27gen-080822-Post-1

In addition to the pure enjoyment of reading on the subject, these books provide a constant reference for illustrations when I’m writing about Guest Experiences.

In addition to Disney synoptical reading, I’ve always got small threads of other, diverse, synoptical reading going on, often spurred by long-running interests and subsequent book searches. For example, have you ever heard of Fred Harvey? Many people haven’t – yet this English-born immigrant moved to America at a young age in the mid-1800s, and subsequently developed a hospitality empire that stretched across much of the U.S. from Chicago west to the Pacific Coast. And he built it in lock-step with the growing railroad industry. Fred Harvey was Ray Kroc before McDonalds, J. Willard Marriott before Marriott Hotels, Howard Schultz before Starbucks, and Walt Disney before Disneyland. The common theme? Harvey created a hospitality industry along the rails of the Western U.S. that influenced the development of organizations over the next 100+ years that themselves are now renowned for hospitality. Here are a few books with Harvey’s story:

27gen-080822-Post-2

One of the greatest contributors to my synoptical reading was an Auxano project, 8+ years in the running, that ended in 2021. You can read about it here.

Even with that big change in my reading habit, there’s always a book at hand!

There’s current reading for Auxano social media (Tweets, Instagram, LinkedIn, and Facebook posts), other internal Auxano writing projects, and believe it or not, reading just for the pleasure of reading – a nightly occurrence. Currently a few topics I’m reading for pleasure include: ongoing research into the concepts of hospitality in the home (what I’ve termed,”First Place Hospitality”); tracking the development of hospitality concepts in the U.S;  the collected works of Wendell Berry; select works about the future and all that entails; and of course, there’s always some Disney history in the mix!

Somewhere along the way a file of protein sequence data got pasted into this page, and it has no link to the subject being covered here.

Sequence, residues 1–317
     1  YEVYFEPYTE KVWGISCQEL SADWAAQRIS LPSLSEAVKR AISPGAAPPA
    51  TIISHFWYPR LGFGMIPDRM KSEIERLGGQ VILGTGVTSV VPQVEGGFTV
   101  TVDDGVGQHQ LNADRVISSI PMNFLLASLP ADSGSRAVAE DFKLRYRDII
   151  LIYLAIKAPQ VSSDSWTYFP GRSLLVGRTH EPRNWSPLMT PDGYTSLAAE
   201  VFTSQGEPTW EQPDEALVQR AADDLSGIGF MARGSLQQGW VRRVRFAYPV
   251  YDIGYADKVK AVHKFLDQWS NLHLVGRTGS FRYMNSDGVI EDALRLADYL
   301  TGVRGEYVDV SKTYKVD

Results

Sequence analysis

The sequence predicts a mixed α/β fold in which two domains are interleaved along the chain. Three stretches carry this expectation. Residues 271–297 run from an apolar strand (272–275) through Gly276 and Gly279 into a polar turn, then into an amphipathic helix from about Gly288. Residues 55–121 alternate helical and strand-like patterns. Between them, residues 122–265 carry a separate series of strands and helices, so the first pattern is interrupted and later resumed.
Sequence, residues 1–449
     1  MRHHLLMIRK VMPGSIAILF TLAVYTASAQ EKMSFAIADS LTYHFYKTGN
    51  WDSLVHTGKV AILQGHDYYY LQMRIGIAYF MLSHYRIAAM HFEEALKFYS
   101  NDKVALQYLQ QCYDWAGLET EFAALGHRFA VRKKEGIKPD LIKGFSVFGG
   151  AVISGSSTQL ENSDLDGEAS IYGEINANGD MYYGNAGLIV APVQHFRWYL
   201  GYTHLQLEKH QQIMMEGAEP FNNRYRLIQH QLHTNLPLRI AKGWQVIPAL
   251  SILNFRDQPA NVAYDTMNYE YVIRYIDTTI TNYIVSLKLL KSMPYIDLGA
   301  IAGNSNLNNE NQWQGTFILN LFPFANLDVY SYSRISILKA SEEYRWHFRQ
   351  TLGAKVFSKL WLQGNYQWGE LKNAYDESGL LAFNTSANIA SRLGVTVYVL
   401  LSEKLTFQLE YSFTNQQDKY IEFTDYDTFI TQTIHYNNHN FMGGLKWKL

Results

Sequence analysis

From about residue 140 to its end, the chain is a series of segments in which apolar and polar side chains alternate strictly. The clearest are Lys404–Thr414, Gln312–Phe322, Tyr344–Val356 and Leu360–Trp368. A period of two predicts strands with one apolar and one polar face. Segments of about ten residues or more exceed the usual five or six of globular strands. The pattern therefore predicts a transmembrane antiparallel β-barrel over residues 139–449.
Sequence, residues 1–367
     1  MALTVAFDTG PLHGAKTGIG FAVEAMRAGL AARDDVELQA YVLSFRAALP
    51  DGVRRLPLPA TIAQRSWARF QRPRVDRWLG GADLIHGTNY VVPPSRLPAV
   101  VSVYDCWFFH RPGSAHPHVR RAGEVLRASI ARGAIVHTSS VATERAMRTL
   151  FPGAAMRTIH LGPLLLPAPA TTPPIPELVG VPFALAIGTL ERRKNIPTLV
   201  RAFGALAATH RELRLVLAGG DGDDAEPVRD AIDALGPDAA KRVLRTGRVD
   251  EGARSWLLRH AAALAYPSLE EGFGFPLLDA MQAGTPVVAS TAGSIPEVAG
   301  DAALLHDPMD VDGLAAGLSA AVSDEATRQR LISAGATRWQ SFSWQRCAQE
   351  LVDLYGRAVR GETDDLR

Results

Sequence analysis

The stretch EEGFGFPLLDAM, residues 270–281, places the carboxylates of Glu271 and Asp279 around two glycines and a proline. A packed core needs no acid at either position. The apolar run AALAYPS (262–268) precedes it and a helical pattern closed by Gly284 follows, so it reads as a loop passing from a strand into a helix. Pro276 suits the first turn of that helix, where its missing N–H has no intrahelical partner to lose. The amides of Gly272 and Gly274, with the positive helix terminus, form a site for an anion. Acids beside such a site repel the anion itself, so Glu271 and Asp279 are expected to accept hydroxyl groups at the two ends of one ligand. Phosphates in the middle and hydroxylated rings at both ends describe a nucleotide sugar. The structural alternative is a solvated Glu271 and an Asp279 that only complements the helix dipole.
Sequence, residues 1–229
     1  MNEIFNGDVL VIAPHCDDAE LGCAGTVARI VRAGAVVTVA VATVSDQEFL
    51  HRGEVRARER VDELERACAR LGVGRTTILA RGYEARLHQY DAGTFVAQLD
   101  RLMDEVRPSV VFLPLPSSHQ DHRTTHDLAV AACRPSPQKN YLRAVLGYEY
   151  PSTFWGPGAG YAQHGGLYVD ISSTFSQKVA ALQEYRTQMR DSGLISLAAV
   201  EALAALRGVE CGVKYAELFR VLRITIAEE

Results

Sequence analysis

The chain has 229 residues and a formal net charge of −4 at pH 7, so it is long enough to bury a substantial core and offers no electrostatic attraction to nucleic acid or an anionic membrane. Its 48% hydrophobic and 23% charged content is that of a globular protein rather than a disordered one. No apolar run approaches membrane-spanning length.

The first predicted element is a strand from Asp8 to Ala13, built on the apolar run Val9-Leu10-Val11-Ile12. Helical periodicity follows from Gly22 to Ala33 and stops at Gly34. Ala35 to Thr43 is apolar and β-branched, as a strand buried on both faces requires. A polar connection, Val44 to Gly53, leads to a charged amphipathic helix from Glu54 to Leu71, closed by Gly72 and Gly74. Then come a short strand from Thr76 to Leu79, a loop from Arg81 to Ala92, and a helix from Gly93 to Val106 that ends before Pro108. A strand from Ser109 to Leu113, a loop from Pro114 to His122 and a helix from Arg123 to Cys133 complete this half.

So, on Book Lover’s Day, and in memory of my father, I’m trying to emulate Thomas Edison, who believed that voracious reading was the key to self-improvement. He read books on a remarkable range of subjects to address his endless queries. As Edison noted, “I didn’t read a few books, I read the library.”


If you want to know more about my dad, here is the eulogy I gave at his funeral. After the funeral, while my sons and I were moving some things around his gas station, I discovered one reason I am so passionate about guest experiences. And read this post to find out why readers are leaders.

How are you celebrating Book Lover’s Day?

RVA-BookLoversDay-080922-IG1

Love Where You Live by Volunteering

Today’s post is the sixth in a series of ten posts over the next few weeks, taking a “deeper dive” into the concepts at the heart of Melody Warnick’s book, This is Where You Belong.